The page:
A group of long-term unemployed jobseekers were bussed into London to work as unpaid stewards during the diamond jubilee celebrations and told to sleep under London Bridge before working on the river pageant.
A particularly horrendous case, this, but not an aberration. It’s mindblowing how much of the grunt-work of running big occasions is now turfed over to the exploited unemployed. The government and private sector have figured out how to get work at only the cost of unemployment benefits. And however much they are described as ‘volunteers’, there’s a strong element of coercion:
Both stewards said they were originally told they would be paid. But when they got to the coach on Saturday night, they said, they were told that the work would be unpaid and that if they did not accept it they would not be considered for well-paid work at the Olympics.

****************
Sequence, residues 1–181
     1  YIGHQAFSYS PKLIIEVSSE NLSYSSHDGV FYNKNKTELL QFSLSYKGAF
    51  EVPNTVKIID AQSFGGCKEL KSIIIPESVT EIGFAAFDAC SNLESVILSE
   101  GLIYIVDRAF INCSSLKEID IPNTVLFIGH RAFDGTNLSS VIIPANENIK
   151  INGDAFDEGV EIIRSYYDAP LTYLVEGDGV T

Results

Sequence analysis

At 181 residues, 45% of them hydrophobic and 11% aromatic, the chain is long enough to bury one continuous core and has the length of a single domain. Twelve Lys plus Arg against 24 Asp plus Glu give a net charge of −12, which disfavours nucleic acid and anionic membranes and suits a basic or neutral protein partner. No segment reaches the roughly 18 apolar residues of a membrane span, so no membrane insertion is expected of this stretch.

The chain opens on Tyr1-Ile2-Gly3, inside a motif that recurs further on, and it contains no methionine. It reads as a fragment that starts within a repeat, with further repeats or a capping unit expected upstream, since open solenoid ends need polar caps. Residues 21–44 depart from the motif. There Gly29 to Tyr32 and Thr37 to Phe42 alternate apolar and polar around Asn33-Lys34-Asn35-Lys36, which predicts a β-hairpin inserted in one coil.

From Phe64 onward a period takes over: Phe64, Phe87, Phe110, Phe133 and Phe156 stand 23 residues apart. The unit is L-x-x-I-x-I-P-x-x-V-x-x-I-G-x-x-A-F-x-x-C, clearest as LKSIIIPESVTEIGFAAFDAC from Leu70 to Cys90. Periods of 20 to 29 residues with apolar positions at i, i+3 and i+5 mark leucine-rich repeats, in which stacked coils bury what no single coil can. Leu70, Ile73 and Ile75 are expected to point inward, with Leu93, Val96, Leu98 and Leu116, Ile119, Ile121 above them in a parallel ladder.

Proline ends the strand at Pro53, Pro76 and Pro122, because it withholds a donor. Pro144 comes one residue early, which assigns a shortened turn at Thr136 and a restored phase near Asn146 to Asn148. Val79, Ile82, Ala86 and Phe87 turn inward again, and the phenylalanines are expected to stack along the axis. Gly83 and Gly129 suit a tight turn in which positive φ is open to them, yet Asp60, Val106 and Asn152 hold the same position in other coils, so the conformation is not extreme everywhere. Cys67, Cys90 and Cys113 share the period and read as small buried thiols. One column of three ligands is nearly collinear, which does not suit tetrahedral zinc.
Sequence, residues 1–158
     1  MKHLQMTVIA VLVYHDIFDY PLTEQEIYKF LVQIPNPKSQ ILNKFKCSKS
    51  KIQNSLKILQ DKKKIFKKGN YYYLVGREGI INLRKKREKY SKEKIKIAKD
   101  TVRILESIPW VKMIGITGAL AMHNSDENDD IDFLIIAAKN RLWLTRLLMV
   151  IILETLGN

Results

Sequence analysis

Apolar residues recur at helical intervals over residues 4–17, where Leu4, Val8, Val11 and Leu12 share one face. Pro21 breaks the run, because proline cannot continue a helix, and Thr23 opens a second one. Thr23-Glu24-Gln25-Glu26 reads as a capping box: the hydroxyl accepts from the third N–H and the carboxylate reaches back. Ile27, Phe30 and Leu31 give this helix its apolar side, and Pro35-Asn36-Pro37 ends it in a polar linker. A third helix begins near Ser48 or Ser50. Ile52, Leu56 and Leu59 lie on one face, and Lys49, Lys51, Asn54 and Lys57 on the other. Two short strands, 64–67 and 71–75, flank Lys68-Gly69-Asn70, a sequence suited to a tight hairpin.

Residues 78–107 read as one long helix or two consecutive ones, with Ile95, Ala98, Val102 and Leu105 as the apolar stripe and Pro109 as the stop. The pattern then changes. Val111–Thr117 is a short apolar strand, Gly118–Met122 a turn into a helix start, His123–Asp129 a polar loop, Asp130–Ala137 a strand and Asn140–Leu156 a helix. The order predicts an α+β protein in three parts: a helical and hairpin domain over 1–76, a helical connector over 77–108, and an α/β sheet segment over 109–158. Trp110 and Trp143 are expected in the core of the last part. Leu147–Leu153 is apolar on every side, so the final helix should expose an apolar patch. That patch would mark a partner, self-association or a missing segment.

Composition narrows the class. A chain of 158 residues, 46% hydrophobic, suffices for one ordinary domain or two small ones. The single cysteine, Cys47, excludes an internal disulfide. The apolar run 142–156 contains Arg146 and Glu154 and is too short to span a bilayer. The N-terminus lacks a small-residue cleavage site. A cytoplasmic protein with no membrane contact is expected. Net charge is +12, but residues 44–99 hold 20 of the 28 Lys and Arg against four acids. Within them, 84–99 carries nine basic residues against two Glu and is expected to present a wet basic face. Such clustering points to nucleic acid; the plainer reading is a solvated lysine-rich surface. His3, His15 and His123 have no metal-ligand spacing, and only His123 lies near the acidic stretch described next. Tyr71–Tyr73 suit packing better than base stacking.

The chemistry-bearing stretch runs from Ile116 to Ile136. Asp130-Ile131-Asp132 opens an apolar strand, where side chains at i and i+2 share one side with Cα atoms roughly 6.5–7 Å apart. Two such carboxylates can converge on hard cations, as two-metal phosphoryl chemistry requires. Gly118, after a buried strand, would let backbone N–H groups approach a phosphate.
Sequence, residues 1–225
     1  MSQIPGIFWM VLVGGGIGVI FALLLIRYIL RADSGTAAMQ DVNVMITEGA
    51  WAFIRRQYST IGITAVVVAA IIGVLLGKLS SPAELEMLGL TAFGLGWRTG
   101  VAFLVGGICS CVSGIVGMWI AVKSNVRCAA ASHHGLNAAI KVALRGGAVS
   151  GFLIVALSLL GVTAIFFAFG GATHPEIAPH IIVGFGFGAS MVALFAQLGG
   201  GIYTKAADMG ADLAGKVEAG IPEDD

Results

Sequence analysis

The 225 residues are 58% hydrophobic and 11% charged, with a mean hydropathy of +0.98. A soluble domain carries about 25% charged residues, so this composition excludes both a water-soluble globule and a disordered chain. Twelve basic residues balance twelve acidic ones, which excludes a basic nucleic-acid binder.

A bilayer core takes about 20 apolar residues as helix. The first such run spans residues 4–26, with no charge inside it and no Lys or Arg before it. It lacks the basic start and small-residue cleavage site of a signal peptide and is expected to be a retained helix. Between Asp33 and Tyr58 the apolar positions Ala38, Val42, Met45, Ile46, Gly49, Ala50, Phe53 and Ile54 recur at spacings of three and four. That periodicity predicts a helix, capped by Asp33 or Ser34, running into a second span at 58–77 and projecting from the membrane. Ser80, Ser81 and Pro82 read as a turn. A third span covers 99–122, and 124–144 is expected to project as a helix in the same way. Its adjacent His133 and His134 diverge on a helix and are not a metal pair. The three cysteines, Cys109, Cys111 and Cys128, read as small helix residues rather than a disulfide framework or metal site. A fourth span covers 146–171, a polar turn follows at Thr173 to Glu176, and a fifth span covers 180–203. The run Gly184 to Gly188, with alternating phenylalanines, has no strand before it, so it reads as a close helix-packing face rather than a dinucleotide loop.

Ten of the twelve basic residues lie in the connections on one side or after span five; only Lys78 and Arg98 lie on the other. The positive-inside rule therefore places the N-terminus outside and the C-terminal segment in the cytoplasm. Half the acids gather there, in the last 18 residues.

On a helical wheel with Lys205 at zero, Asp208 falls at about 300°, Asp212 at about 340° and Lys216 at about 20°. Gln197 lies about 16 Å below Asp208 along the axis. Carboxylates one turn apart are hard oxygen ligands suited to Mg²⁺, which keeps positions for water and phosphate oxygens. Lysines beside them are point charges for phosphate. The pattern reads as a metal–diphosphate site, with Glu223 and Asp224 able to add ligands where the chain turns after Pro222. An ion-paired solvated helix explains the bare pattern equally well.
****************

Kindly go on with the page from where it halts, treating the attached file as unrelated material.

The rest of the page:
That promised paid work is hardly utopian, by the way:
Close Protection UK confirmed that it was using up to 30 unpaid staff and 50 apprentices, who were paid £2.80 an hour, for the three-day event in London. A spokesman said the unpaid work was a trial for paid roles at the Olympics, which it had also won a contract to staff. Unpaid staff were expected to work two days out of the three-day holiday.